Mother’s Day, a time of flowers, cards, and phone calls home. Maybe Mom is in a nursing home, maybe she is still in the house where you were raised, maybe she is with you, or maybe she is gone. And just maybe, she is you. I am not alone when I think about all the women who want to be mothers but are not. Today, however I am thinking about those who were mothers yet still are.
How can that be? Your identity, your life, your purpose were tied to that little one, no matter what age they may be. Now they are gone and so is big part of you. I am married to such a mom, and I cannot pretend to know her feelings on such a day. But I do know this – it hurts.
Your other children, I trust, are alive and care about you, but like that lost sheep, you are the shepherdess who will not be satisfied until they are found.
“So, Jesus told them this story, ‘If a man has a hundred sheep and one of them gets lost, what will he do? Won’t he leave the ninety-nine others in the wilderness and go to search for the one that is lost until he finds it? And when he has found it, he will joyfully carry it home on his shoulders. When he arrives, he will call together his friends and neighbors, saying, ‘Rejoice with me because I have found my lost sheep.’” (Luke 15:3-7).
Oh, to put my arms around you like the Great Shepherd, to give you the love you have lost, the care you crave, the words you long to hear – but I have few.
I do have one thought, and I’d like to share it with you, mom. It’s really a question, “Are they lost?” Really? Or is it you who is lost? Are you looking for a way to be found, crying out in the wilderness? “God, find me, restore me, give me back my motherhood, my womanhood, my personhood. I am so lost without my child.”
After we lost our child I wondered about my fatherhood. Yes, we have other children but the loss so profound that my identity was in question. “Just who am I now?” I thought. I was lost. Still am, in part, but now I believe I am headed in the right direction. A direction that means someday I’ll be restored with my child.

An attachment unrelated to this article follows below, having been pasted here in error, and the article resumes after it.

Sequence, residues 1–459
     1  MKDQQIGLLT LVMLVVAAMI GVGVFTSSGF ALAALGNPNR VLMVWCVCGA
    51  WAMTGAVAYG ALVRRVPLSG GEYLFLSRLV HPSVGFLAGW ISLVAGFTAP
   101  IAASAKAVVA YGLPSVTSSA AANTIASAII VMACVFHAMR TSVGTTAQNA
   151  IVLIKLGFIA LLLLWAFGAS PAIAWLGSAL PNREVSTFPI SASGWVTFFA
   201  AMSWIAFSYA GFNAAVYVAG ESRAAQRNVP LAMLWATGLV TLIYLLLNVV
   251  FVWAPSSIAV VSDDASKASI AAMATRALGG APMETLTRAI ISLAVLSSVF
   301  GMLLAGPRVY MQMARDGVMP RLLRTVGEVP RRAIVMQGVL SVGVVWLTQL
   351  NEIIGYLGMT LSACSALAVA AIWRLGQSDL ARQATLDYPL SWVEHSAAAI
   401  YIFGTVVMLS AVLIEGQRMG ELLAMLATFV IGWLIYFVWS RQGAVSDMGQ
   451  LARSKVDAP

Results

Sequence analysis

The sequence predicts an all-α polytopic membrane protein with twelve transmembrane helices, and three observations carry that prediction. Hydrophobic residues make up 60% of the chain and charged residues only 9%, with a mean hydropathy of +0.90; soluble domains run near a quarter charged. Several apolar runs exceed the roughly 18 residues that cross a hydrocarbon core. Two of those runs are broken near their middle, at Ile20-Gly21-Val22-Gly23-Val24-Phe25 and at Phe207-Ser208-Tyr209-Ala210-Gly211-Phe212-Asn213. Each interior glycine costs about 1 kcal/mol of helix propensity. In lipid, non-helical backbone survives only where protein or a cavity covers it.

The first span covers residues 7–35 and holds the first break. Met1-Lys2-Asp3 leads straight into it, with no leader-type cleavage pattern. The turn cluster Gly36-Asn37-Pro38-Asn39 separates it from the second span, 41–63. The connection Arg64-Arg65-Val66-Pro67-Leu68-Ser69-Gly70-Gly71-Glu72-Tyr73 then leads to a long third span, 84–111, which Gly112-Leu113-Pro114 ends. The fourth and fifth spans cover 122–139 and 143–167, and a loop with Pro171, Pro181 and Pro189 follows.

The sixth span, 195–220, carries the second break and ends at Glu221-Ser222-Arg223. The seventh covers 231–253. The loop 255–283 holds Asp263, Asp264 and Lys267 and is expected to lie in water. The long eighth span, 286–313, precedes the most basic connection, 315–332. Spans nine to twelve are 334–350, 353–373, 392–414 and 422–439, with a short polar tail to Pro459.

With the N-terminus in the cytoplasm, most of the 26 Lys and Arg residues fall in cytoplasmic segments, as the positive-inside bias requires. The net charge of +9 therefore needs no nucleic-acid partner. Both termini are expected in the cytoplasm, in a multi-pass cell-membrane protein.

Aaron is not lost, he is found, but he was not found by me. He is apart yet he is near. I talk to him, and I think I hear what he is saying. I cannot wrap my arms around him, even if I could he probably wouldn’t let me, but I feel him.
Mother’s Day hurts but it can hurt in a good way. Like running a race yesterday, today you are hurting, but it hurts good. The bitter-sweet hurt you feel is a paradox. It’s as much a paradox as feeling closer to your child than ever before or as much as feeling more like a mom than you ever did.
On this day, you may feel it in your gut. You see other moms picking up their little ones and your heart cries out. You feel their joy and your loss.
Confusing? Yea. But it doesn’t have to be so. Don’t fight the thoughts. Meditate. In meditation, ugly thoughts filter in with the beauteous thoughts. Don’t fight either. Let it be, let it go. Let it be, let it go. Read that again – this time slowly. Breath in as you read the first sentence, “Let it be.” Breath out as you read the next, “Let it go.” Now repeat. The work is in not working. The fight is in the surrender. The clarity is in the confusion. The direction, in the uncertainty.
You may feel lost on this Mother’s Day. Rest assured, your child is found. Get with someone who is also found; it may be your other children or family. Maybe you know another mother who has lost her child but she is found.
No, the phone call won’t come from that one child but it will come from the others. Yes, there will be an dust on the mantle where the one card would rest but there may be others. And the one hug that you want the most will have to wait. But know this – the wait is worth it. You will want to be found with your baby, your child someday. Someday will be your Mother’s Day. Today, let it go, for tomorrow the two of you will rejoice.
“In the same way, there is more joy in heaven over one lost sinner who repents and returns to God than over ninety-nine others who are righteous and haven’t strayed away!” (Luke 15:8).
Andy M Davidson, Psy.D. is a Psychologist who lost his son in 2014. He is waiting for his book, When Sunday Smiled to be published. Reach out to follow him at Facebook.com/throughlifeandloss.